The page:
The Bully Pulpit – Theodore Roosevelt, William Howard Taft, and the Golden Age of Journalism, by Doris Kearns Goodwin, published in 2013, was awarded the Pulitzer Prize. It is a monumental work, 752 pages of text, 910 pages total.
I was drawn to the book for a lot of reasons – one being that I was legislative aide to Cincinnati City Council Member Charlie Taft, son of William Howard, back in the 70s, and heard every now and then stories of that era.
Another is that I love the art of politics, and this book is full of fascinating political minutiae. And then the fact that I have loved journalism since being editor of my high school newspaper and yearbook, back in the day. The Muckrakers – one of a number of names they were called – are highly featured, including their major impact in creating the reformist mood of the turn of the 19th into the 20th century, often called the Golden Age of Journalism.
Cincinnati itself, and a number of its prominent citizens, are also featured. And we get a real sidelight into transportation, communication, regional differences across the country, and the two political parties in that era. We don’t learn much about Democrats, though – they didn’t have much success in that time period – until the Roosevelt – Taft fight made Woodrow Wilson’s win possible.
It was interesting to learn that Republicans then, as now, were very much the rich man’s party – using the word man advisedly, since women did not have the vote and were not in many discussions. Except that Teddy and Big Bill both took heed of their wives’ advice – Big Bill in particular.
Teddy, with the Muckrakers, was able to push through lots of bills and new regulations that assisted the common man, and still do. He was an outlier Republican in many ways, where Taft was more measured, and indeed was always judicial in his behavior and opinions. Teddy would go nuclear fairly frequently, where Taft would go read the reports, the legislation, the opinions of the courts.
And yet these two were best friends, partners in solving problems and fixing inequities for many years. Between the extroverted Teddy and Taft’s ambitious wife, Nellie, Taft was often pushed into positions he probably would not have taken otherwise. He always wanted to be on the Supreme Court, and yet turned down offers several times, to make Nellie or Teddy happy.
Another job he totally loved was as Governor General of the Phillipines. During those years, he began the process of creating a thriving democracy across those many islands. His fairness, openness and geniality won over the people. Roosevelt had appointed him to that job – it took a lot of pressure to get Taft to give it up and return to DC to be Roosevelt’s Secretary of War – and in practice, chief cabinet officer.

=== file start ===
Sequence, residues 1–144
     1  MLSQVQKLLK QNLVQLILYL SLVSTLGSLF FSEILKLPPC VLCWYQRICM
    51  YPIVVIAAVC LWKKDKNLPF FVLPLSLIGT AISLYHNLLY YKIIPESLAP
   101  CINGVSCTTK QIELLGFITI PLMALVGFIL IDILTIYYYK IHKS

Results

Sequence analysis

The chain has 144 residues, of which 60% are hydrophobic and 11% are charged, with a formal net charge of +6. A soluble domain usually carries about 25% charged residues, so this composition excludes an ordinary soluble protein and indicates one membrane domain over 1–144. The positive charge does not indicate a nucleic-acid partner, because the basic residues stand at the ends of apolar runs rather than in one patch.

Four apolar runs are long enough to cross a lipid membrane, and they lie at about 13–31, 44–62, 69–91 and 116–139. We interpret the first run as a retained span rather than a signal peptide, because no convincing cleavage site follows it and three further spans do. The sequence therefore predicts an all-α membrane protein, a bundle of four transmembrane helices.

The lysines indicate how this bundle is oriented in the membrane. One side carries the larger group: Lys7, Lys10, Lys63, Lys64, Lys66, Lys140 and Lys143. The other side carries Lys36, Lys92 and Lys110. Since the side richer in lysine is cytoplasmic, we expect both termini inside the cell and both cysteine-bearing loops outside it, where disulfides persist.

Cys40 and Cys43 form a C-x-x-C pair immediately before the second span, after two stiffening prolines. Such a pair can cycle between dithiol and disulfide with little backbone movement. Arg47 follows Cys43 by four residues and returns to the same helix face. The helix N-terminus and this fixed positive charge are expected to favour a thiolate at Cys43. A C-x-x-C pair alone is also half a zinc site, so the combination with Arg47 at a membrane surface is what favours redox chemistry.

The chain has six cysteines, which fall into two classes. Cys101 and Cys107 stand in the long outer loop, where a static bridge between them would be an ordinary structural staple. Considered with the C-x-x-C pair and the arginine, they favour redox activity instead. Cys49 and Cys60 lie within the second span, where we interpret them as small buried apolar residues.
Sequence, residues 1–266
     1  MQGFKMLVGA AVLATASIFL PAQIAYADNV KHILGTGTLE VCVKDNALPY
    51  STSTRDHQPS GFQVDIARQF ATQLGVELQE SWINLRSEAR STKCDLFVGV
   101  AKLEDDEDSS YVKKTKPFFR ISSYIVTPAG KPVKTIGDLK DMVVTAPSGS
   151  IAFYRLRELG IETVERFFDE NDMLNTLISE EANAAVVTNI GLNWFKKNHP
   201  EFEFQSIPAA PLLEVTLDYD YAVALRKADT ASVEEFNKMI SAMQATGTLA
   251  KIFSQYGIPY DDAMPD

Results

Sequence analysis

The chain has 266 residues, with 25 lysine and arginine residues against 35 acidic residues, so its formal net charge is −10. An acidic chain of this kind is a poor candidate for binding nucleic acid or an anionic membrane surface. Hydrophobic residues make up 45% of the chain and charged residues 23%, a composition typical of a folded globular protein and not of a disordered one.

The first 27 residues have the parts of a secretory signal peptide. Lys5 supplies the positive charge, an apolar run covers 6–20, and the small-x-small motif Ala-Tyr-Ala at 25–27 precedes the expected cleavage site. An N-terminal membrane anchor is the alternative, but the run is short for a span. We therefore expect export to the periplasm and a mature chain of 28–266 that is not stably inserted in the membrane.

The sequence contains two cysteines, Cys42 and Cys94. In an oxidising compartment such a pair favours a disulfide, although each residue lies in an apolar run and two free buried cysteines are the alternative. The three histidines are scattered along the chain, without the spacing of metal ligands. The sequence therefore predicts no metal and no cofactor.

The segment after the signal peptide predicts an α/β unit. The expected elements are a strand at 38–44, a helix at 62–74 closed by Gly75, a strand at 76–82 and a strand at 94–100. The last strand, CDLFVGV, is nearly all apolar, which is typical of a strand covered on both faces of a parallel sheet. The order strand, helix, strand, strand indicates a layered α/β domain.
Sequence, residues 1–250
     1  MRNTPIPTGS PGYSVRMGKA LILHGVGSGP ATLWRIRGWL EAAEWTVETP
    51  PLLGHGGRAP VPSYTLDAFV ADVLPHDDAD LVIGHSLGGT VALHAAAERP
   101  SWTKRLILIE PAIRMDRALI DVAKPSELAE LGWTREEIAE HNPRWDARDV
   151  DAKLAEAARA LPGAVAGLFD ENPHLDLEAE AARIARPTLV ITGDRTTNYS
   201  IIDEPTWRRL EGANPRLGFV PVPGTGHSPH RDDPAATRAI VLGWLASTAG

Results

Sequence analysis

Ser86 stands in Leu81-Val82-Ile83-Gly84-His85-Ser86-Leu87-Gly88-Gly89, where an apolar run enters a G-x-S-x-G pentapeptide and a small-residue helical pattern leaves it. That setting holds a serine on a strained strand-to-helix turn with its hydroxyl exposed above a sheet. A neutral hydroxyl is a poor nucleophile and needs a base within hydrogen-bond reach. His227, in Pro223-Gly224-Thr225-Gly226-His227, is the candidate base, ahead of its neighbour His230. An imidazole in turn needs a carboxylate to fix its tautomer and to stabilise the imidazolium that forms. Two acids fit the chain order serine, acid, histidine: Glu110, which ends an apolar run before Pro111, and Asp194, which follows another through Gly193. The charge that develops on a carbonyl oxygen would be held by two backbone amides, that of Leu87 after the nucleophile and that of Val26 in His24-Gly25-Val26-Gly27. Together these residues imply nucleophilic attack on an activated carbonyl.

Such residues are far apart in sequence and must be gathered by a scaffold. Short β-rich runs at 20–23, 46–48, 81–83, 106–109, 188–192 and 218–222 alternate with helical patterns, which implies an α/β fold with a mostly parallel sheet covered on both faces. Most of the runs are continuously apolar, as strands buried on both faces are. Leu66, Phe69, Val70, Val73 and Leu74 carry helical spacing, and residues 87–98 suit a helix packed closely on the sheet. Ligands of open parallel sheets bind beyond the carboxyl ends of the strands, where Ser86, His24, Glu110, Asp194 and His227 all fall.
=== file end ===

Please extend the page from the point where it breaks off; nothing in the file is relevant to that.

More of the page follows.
Roosevelt pushed Taft into the presidency, and then left the country – for an African safari – for a year, to give Taft room. Which turned out to be a fatal mistake. Taft was too indecisive about who to keep from Teddy’s cabinet in his own – and about many other issues as well. Taft’s biggest problem came when he put the next-in-line conservative politician / bureaucrat, Richard Ballinger, as Interior Secretary, rather than Roosevelt’s favorite conservation crusader, Chief Forester Gifford Pinchot. Actually, this has done us harm to this day, as Ballinger put much Western land back up for development by the private sector, that Roosevelt / Pinchot had withdrawn. That single act set up dominos of problems that shocked many Roosevelt supporters, and began Taft’s downfall. The rupture between Taft and Roosevelt broke many ties, and really caused suffering for both men. Goodwin’s writing really brings out the pain it caused for both men – and the fallout for the country.
Taft won the Republican nomination in 1912 – but Roosevelt then ran as an independent – for the Bull Moose party. And Wilson, the Democrat, carried the day. Which I, as a Democrat, might normally cheer. I would rather, in many ways, that Roosevelt’s policies of regulation and protecting the public, had continued.
It was six years later, May 26, 1918, that Taft and Roosevelt first spoke to each other after that. And become close friends all over again. January 6, 1919, Roosevelt died in his sleep. And on October 3,1921, Taft was appointed as Chief Justice of the Supreme Court, the job he had always wanted, by President Warren Harding. He streamlined court procedure, sped up and improved the delivery of justice, and improved the whole system of federal courts. He left the bench early in 1930, and on March 8, 1930, Taft died.
This book really brings us into the politics and machinations, the big sweeping changes to the country, of that fateful time – as well as the warm personal family stories of Taft and Roosevelt. History, it turns out, can be discerned through the big picture – and the small daily decisions that come directly out of our characters, as we react to the big picture tumult. I found this book to be excellent – and very sad.